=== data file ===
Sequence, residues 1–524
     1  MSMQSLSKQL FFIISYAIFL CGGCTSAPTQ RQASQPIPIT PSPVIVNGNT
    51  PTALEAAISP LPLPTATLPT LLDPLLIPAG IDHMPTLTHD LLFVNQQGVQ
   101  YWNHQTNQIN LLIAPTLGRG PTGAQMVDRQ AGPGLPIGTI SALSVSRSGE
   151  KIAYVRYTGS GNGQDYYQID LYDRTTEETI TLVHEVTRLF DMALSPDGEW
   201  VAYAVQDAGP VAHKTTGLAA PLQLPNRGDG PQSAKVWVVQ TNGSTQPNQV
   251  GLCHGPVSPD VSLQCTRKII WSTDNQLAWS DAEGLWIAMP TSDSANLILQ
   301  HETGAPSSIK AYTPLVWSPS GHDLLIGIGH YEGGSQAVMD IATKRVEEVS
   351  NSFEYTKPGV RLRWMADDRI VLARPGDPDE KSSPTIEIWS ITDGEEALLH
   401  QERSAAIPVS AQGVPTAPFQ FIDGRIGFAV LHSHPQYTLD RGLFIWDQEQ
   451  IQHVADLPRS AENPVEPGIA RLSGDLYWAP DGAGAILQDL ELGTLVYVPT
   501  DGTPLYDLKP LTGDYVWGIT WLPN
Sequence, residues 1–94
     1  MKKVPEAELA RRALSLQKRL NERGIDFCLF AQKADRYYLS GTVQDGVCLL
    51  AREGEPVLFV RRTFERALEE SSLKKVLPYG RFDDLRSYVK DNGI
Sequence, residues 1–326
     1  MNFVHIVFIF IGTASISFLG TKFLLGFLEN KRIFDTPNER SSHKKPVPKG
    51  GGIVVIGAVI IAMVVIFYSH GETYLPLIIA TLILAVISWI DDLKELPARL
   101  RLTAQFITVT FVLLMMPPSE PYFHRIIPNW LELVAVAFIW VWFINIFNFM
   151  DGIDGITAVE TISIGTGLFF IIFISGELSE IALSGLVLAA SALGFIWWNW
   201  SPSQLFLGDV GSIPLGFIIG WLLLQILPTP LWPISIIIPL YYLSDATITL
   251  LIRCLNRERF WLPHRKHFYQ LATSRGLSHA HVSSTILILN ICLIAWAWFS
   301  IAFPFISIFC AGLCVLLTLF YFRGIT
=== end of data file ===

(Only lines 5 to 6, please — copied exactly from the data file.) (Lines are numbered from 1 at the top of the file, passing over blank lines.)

   151  KIAYVRYTGS GNGQDYYQID LYDRTTEETI TLVHEVTRLF DMALSPDGEW
   201  VAYAVQDAGP VAHKTTGLAA PLQLPNRGDG PQSAKVWVVQ TNGSTQPNQV